He visited Ephesus again, and perhaps saw the Christians of Colossae and Laodicea. In the city of Aphrodite from which he had previously fled under the idolatrous uprising, he left his most trusted disciple, the one who most resembled him, the beloved Timothy. Then reascending the coast to Troas, where he was the guest of Carpus, he took ship for Macedonia. There he embraced those cherished brethren of Philippi and afterwards those of Thessalonica. From Macedonia he wrote a letter of encouragement and counsel to Timothy who, on account of his youth and naturally timorous temperament and the simplicity of his faith, felt the burden of the Community he had to shepherd.
Now that persecution made faith a great risk, many of the learned were inclined to dissolve the Gospel into ambiguous formulas and high-sounding speech; it was the old snare for compromise. After his rapid inspection of the Churches in Macedonia, Paul passed into Achaia, and the Corinthians had the joy of contemplating once more that countenance, now lined with deep wrinkles and crowned with the white hair of an old father. He had hardly arrived when he had to leave again.
It is probable that from Corinth, he took ship for Crete with Titus for a companion. It was in this island he had stopped five or six years before in his chains on his voyage to Rome. Here he had sowed the good seed of the Gospel and had organized a Christian Community. . . . Paul left with them his "son in Christ"-----Titus, his companion and confidant, especially in the missions of this third itinerary. . . .
During the years that followed Paul's first imprisonment in Rome and while he was engaged in his Apostolic journeys, he had not neglected to dictate various letters when occasion offered. We mention one addressed to Timothy and another written to Titus. In his great letters to the different Churches and Christian Communities, he had fought with prophetic vigor against the intrusion of the Mosaic observances as a necessary condition for salvation within Christianity. He had spoken clearly; and his condemnation was aimed at the material and carnal aspects of practices which, by means of ablutions, discriminations in food, and physical macerations, pretended to supplant a faith in Christ which already included suffering the ills and afflictions of life. For such faith, there is no substitute in seeking salvation, because salvation is solely a gift from God in relation to man's acts.
Some weak or ill-conditioned minds saw, even in those early days, a condemnation of the old moral Mosaic laws, which released them from the necessity of good works; as if faith in one's heart were enough, and the body could be given over to sin. Against such abuse and laxity, the other Apostles had already spoken; St. James the Less, "brother of Jesus," in his stirring letter to the Christian Jews, had reminded them that the message of the Gospel was to be practiced, they were not to be "hearers of the word, but doers of the word"; that "the law of perfect liberty" must be studied in its profound essence by the Christian. . . . Persecution was imminent; there were hundreds of indications of it. The conflagration at Rome had set fire to a heap of prejudices already amassed in the course of years. . . . At the end of his career, when writing to those same Churches, Peter had denounced the false teachers who had given themselves up to a sinful life, and called them "fountains without water, clouds driven by the wind," and like dogs returned to their vomit. He had referred to the letters of his "most dear brother Paul" and went on to say that there were some things difficult to understand, that the ignorant and the unstable would misinterpret, as they did with the rest of the Scriptures, but to their own destruction.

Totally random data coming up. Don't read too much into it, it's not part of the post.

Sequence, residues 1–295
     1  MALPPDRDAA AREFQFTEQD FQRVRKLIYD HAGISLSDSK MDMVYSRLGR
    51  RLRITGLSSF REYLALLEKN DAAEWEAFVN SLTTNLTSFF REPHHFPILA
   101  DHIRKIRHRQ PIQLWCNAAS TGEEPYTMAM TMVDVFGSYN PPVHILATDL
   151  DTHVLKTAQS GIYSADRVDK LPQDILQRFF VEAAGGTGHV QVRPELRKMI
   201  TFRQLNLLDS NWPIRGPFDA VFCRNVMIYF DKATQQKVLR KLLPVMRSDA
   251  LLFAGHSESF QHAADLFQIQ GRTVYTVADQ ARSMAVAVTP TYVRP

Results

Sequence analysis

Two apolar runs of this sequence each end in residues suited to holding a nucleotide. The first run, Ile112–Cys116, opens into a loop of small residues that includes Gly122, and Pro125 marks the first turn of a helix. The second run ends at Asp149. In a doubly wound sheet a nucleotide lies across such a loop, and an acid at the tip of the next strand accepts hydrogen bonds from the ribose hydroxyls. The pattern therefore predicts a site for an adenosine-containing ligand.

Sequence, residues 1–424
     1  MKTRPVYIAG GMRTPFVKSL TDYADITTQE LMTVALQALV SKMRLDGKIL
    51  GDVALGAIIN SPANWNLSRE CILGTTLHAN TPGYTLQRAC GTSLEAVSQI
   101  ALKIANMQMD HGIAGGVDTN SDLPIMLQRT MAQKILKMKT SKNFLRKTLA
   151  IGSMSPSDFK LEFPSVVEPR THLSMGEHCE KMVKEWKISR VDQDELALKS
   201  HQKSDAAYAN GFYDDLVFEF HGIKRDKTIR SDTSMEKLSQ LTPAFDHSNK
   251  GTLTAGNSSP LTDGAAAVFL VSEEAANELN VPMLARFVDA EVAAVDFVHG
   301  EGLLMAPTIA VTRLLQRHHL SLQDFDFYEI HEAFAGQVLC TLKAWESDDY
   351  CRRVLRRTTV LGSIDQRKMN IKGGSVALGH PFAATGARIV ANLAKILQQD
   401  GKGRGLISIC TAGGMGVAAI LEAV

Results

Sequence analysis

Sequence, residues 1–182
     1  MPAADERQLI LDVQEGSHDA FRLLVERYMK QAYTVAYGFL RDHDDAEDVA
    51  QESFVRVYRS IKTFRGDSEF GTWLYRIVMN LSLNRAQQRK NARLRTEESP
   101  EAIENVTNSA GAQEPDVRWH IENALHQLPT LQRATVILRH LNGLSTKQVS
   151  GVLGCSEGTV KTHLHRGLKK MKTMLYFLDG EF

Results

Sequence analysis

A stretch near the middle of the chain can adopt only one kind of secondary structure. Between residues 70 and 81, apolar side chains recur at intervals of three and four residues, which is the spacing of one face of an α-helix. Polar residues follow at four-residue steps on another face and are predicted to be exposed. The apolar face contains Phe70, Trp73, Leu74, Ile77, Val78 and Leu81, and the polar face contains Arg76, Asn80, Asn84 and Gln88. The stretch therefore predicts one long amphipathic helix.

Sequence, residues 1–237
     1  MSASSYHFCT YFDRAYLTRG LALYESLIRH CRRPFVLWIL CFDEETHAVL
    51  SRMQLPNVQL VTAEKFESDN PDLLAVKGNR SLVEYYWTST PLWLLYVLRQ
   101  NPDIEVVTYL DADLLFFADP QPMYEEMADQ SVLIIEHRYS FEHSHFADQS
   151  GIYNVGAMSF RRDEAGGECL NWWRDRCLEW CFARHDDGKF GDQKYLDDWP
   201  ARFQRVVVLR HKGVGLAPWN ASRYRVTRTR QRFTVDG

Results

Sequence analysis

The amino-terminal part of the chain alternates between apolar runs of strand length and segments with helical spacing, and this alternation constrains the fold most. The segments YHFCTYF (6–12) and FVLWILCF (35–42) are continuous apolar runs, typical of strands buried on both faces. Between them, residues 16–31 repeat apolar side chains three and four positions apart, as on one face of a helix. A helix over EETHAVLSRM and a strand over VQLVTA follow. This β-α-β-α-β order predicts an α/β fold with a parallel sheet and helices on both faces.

So also the Apostle Jude, brother of St. James the Less, in the year 64 had written a concise and vehement letter against the false Apostles who intruded on the ranks of the faithful, perverting the life of grace into a worldly life of luxury and giving out abnormal and twisted theories on the cult of the Angels. They praised "someone," probably Paul, for his "self-interested aims," in order to draw from his letters a sterile doctrine and an unworthy practice. This generated divisions, insulted the hierarchy, and blasphemed the majesty of the Lord.
All this fermentation of sensuality and false knowledge prevailed in Asia Minor, a restless land influenced by Hellenism because it was in constant contact with Athens and Alexandria. Paul shared the anxiety of James and Peter and of Jude; (later John would also react to this unrest by his burning and scathing words in the Apocalypse). With the other Apostles then, Paul fought the errors and abuses produced by a superficial and artificial exegesis of his own doctrines. Foreseeing that from this there would arise the greatest schism in the Community of Christ, he explained in a series of letters the duties of Christian life and practice, together with the theology he had
preached. Such letters are the one to the Hebrews, both of those to Timothy, and the one to Titus. . . .
Paul loved his own people with the human love of blood relationship; he loved them because of the Divine love God had shown them in the special privileges He had granted the Hebrew race. From them had sprung the Prophets and the Apostles who were the foundation of the Christian Church, of whose blood the Man-God Christ had been born, Redeemer of both Jews and pagans: Jews first, and after them the pagans.
The most fanatical among the Jews had repaid this love of the Pharisee of Tarsus by tenacious hatred and murderous pursuit. All this had never sufficed to reduce the ardor of this son of Israel nor the duty of the Apostle who, in order to convert them to Christ, would have made himself anathema to all. During these last months in Rome, foreseeing the end, he disposed of his few belongings and wrote his last letters as a testament. He remembered again the Christians from Judaism, and with them, all the Jews. He left to them the doctrine of the wonderful unfolding of the Old Testament into the New Testament . . . which was a last blow to Mosaism. . . .